=2.199 %

Deduct for loss in heat

=0.17 %

Estimated silicon in result

=2.029 %

In these examples, column (A) is the kind of iron; (B), per cent of this iron used in charge; (C), per cent of silicon in single grade of iron; (D), per cent of silicon to whole charge as supplied by each grade. One or more per cents in column (B) are usually decided upon before beginning calculations, and then the others are varied until the desired silicon content is obtained.

With this as a guide, it is a simple matter to find the actual weight for each grade, to make up any size of charge. For example, we wish to put 5,000 pounds on the bed and 3,000 pounds on other charges. Then, using the first mixture and the ratio 5:3 between the bed and the other charges, we have:

From column (B)

Bed

Other charges

No. 1 25%X5,000 =

1,250 lb.

750 1b.

No. 2 20%X5,000 =

1,000 lb.

600 1b.

No. 3 5% X 5,000 =

250 1b.

150 1b.

Scrap 50% X 5,000 =

2,500 lb.

1,500 1b.

Total iron

5,000 lb.

3,000 lb.

Fuel

Both anthracite coal and foundry coke are used in the cupola. Coal, owing to its density, carries a heavier load than coke, but it requires greater blast pressure and does not melt as fast as coke.

Foundry Coke

Coke, for foundry use, should be what is known as "72-hour" coke, as free as possible from dust and cinders. Coke is made up of a sponge-like coke structure which is almost pure fixed carbon, and an open cellular structure, which makes it especially valuable as a furnace fuel because it is so readily penetrated by the blast.

A representative analysis of a strong 72-hour coke is as follows:

Item

Proportion (per cent)

Moisture

0.49

Volatile matter

1.31

Fixed carbon

87.46

Sulphur

0.72

Ash

10.02

Cellular structure

50.04

Coke structure

49.96

Heat units per pound

12,937 B.t.u.

Specific gravity

1.89

Proportions Of Charge

The proportions of the bed fuel, the first charge of iron, and the subsequent charges of fuel and iron vary greatly with the size and design of the cupola, the grade of fuel used, and the method of charging. To determine the right amount of fuel for the bed, the most practical thing to do is to cut and try, especially with a new equipment.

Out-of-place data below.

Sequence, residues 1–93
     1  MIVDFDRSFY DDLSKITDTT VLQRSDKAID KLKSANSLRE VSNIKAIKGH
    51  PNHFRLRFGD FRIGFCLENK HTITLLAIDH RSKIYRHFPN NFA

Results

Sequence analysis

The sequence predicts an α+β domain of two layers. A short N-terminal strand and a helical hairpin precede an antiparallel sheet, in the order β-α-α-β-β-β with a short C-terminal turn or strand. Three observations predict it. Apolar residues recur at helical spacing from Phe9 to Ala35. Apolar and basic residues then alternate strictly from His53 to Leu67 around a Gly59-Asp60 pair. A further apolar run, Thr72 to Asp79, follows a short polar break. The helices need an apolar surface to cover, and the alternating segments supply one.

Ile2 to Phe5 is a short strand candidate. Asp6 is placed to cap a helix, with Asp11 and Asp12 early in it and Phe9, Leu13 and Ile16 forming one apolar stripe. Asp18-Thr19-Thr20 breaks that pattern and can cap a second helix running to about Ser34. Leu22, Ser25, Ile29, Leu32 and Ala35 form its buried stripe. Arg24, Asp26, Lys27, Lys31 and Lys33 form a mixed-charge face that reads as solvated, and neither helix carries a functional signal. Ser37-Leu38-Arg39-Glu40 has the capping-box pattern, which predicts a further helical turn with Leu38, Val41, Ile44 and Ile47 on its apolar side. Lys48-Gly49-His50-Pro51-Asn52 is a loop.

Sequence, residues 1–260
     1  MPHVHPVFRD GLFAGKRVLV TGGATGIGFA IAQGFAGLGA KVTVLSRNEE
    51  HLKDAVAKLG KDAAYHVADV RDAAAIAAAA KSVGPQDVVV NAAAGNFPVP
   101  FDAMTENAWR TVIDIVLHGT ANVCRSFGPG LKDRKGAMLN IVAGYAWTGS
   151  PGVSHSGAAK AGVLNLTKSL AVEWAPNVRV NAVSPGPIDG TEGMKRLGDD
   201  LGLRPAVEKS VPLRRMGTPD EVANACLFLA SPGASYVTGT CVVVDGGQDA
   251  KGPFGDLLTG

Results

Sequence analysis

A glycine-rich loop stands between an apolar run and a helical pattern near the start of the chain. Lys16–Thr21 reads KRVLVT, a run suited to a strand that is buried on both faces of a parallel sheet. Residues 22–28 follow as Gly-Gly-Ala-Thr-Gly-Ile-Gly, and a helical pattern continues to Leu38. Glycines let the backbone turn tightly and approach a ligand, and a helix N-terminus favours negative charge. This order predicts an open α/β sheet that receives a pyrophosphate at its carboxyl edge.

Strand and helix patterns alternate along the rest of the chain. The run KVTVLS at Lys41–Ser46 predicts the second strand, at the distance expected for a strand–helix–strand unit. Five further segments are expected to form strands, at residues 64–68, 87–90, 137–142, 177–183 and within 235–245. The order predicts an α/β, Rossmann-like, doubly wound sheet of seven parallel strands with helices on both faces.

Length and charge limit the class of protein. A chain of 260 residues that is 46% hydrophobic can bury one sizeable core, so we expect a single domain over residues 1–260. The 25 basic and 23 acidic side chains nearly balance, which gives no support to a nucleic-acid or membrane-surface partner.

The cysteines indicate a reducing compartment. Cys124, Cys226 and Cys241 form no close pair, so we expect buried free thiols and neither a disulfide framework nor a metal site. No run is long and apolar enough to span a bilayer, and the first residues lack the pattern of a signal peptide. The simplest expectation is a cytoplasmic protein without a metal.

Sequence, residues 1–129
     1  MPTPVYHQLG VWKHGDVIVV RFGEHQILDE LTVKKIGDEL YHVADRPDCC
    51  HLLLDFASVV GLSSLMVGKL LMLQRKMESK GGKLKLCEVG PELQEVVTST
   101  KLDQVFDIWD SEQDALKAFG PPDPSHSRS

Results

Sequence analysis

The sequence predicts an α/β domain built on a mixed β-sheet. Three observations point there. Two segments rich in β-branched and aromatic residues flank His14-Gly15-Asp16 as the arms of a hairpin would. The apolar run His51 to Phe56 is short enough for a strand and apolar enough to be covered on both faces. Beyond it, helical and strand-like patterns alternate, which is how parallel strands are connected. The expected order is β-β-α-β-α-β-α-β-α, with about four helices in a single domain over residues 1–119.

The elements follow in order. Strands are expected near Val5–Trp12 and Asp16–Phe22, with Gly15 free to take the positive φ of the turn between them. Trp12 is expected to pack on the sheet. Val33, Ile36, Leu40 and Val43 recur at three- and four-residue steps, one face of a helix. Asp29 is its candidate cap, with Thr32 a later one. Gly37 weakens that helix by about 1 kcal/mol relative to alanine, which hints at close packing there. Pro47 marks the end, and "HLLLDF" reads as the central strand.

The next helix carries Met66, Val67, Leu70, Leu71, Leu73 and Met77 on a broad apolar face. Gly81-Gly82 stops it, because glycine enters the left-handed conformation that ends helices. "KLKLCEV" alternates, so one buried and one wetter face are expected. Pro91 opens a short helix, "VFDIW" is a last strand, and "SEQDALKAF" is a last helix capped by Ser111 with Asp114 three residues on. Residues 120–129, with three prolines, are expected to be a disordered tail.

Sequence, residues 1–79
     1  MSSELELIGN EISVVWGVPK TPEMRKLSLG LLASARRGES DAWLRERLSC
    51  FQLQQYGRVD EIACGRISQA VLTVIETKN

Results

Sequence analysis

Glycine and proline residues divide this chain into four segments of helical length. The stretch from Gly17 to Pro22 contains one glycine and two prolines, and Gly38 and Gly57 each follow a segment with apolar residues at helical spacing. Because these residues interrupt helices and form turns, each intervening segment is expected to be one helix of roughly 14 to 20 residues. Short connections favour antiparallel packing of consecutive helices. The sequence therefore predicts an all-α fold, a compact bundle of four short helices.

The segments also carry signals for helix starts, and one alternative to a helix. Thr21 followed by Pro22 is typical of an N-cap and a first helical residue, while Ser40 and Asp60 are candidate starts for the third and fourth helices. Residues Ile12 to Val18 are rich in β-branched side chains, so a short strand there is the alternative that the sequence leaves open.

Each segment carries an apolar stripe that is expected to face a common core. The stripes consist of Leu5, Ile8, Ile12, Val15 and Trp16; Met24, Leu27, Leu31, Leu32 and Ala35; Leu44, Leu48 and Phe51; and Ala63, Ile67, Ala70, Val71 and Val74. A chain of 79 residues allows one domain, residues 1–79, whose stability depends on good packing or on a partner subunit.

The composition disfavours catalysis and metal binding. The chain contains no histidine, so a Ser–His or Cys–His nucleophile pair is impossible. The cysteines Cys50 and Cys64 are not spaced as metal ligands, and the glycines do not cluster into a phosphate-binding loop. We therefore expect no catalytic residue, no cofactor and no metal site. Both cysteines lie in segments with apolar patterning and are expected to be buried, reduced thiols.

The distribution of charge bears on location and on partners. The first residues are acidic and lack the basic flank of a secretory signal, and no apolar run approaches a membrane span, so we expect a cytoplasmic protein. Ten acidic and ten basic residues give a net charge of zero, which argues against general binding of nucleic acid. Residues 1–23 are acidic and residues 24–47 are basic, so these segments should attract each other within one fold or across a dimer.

For 36- to 48-inch cupolas, averaging 22 inches above the tuyeres for the melting zone, with a 10-ounce blast to start, the best way to proceed is to chalk off this distance inside the cupola before daubing up. Then, from a 1/2-inch rod of iron, bend a shape like Fig. 132. The distance a equals the distance from the mark inside the cupola to about 4 inches above the bottom of the charging door. When the coke is well lighted, before charging the iron, level off the bed according to this gage. The safe practice is to have the bed too high. If the bed is too high, it is indicated by slow but hot metal; if the bed is too low, the metal is dull. After the first heat, the height may be adjusted until proper melting is obtained; then try always to work to the same height.

The weight and character of the coke charged on the bed should be carefully noted. The first charge of metal should be in the proportions of 2 pounds of metal to 1 of fuel; all others in the ratio of 10 of metal to 1 of fuel. Intermediate charges of coke should be just sufficient to preserve the upper level of the bed. The layer is usually about 6 inches thick; its weight should be carefully taken.

The action of the furnace must be carefully watched, with the object of making it melt the iron charged as rapidly as possible and of bringing it down white hot. Also, the ratio of iron to fuel should be reduced as low as may be, without sacrificing either of these other objects.